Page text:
Houreki is not offered on the regular sake menu for one thing, but is certainly of interest to the super sake fans/purists.
I sincerely believe the lower end Junmai Daiginjo Kimoto of Daishichi, which is Minowamon, would be even better at Mori. Maru-san and I even talked about the highest end of that lineup, which is Myoga Rangokyu…it’s $425 to $525 retail, $425 I think at Kinjiro, and it’s a super beautiful bottle (it’s made with Murano glass!), and that one you probably don’t want to consume with sushi either. (Interestingly there is a Myoga Rangokyu Cuvee in Japan)
What Mori has in his regular sake menu lineup is already quite impressive IMO, particularly he doesn’t pick the super fancy ultra high end brand names, but yet are famous in their own right, with flavor profiles that match his food close enough. That is why you won’t see Dassai or Born, but you do at other places.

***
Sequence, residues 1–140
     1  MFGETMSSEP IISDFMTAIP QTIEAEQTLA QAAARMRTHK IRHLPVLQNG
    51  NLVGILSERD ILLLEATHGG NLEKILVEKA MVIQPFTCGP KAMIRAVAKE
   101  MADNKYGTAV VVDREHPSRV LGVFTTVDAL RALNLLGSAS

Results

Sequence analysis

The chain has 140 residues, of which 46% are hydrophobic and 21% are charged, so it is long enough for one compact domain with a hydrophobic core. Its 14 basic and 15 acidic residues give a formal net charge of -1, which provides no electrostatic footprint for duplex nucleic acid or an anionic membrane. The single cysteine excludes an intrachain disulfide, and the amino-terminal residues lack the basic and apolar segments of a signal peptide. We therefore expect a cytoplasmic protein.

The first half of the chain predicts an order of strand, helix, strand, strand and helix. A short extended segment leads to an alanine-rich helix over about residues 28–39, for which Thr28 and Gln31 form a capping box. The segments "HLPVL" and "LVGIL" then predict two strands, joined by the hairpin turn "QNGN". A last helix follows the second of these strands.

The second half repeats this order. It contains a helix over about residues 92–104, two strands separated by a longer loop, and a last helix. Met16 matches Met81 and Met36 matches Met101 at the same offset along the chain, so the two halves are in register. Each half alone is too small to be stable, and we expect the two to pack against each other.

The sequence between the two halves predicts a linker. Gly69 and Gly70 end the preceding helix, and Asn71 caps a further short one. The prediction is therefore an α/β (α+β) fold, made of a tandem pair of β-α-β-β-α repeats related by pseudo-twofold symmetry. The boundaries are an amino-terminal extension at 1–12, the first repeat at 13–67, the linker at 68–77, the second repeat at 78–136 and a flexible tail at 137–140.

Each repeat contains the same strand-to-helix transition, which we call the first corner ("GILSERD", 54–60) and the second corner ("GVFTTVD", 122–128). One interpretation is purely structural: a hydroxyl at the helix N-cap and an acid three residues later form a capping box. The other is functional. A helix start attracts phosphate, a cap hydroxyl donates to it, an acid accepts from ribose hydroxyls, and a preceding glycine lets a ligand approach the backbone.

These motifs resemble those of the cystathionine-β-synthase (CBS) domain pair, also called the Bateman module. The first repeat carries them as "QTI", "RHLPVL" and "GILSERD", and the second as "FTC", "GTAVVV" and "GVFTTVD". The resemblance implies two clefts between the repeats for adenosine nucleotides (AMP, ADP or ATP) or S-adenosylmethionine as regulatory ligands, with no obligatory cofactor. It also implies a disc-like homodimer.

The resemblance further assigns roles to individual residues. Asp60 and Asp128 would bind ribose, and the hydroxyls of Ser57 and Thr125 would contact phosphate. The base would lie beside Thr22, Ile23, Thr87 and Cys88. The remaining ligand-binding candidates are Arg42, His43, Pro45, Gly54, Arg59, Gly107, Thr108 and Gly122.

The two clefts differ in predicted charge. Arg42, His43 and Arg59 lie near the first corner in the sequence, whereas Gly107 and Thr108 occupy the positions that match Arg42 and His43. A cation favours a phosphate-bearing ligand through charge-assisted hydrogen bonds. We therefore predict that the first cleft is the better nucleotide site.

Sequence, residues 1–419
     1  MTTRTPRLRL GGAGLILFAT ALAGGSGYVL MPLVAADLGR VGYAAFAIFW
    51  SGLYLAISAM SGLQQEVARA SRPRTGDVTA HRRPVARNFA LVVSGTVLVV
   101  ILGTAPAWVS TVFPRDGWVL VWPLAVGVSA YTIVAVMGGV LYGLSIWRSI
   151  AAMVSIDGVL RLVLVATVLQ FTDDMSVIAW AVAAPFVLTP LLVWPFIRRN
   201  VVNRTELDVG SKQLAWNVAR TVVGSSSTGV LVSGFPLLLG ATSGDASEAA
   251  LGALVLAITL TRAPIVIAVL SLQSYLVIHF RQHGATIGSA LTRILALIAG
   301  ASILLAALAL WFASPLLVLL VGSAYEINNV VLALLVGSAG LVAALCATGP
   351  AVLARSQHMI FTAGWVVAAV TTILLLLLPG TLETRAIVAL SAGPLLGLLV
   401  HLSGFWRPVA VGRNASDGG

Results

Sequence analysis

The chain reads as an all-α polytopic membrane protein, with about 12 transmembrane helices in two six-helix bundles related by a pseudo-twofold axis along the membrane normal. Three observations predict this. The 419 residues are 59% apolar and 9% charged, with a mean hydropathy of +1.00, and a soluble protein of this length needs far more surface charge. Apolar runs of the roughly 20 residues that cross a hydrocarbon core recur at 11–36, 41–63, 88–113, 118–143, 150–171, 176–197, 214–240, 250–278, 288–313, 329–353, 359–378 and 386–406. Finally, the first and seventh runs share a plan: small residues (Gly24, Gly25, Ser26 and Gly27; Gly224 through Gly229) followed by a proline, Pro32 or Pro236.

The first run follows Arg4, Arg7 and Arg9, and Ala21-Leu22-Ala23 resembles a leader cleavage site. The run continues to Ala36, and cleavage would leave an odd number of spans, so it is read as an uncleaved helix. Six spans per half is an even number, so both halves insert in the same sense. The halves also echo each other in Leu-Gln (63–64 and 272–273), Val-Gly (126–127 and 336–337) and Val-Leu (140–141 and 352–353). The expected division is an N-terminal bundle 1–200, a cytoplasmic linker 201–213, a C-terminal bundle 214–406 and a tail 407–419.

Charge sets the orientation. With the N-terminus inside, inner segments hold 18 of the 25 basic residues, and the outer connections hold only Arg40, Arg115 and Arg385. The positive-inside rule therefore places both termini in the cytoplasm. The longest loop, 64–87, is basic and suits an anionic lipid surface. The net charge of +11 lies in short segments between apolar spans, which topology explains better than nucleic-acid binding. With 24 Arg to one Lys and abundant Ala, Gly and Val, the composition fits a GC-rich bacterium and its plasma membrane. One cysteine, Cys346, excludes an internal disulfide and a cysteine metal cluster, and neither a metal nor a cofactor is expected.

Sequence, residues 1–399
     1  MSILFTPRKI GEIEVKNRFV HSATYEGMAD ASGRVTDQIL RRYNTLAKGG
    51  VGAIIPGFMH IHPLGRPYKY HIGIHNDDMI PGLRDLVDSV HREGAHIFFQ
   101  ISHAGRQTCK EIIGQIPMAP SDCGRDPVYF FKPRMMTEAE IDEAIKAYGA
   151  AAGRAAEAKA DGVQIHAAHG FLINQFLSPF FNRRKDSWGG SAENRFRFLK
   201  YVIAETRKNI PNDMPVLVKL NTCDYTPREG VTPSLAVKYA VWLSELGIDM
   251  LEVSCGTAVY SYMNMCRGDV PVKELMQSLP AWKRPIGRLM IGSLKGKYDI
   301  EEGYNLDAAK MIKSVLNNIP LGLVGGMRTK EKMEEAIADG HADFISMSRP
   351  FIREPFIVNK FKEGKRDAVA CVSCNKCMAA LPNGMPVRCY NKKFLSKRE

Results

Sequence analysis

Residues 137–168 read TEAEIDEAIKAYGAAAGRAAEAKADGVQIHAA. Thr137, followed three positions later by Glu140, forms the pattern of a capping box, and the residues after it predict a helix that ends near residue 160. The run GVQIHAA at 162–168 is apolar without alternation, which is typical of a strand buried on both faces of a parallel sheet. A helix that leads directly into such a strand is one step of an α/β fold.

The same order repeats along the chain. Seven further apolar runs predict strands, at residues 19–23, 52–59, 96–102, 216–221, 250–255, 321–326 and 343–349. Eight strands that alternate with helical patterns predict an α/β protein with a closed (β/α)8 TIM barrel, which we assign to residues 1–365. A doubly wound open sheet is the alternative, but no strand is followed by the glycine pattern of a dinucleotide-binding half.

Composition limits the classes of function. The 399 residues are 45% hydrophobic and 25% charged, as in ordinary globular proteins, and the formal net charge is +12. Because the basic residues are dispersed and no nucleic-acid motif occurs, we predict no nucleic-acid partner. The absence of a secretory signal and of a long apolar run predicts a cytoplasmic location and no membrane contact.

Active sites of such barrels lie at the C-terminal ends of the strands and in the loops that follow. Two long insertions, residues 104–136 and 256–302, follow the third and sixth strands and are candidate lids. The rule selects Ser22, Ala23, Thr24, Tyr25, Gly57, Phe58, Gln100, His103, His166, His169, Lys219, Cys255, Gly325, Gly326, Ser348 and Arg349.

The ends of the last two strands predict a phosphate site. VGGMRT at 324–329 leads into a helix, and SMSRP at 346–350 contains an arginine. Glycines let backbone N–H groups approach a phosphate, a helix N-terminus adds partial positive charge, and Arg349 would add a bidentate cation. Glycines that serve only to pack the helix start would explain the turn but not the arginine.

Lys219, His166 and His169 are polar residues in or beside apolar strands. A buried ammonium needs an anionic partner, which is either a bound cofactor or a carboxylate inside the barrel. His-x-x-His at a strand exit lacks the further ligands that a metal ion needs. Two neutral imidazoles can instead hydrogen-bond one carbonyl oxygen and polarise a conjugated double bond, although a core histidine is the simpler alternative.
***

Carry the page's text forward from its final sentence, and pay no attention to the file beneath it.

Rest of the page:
If I were to do this again, I would certainly pick something like Kokuryu Shizuku Daiginjo (although it’s $250, it’s seasonal, rare, and super damn good…Kokuryu is very much a famous brand name with reputation, though they are not the marketing giant genius like Dassai), Kokuryu Gold Daiginjo, or the Masumi Nanago Junmai Daiginjo (another fantastic one) which is made with the Yamahai method of not introducing starter yeast to the brewing batch, but rather having the mash create its own bacteria during the process (natural and more prolonged process), resulting in a very interesting finish with a bit more acidity than usual, and the use of #7 yeast is certainly interesting. Akitabare Suirakuten is a freaking excellent sake, it’s a 2 year aged Daiginjo but is very aromatic and a touch fruit forward…very dangerous because it’s addicting and if you drink too fast it will hit you eventually…but with the food at Mori it is briliant. We have a place in NorCal that has a similar profile to Mori’s (though very different style and not quite at the same level) where these sakes work brilliantly, and I firmly believe these ones I mentioned will at Mori.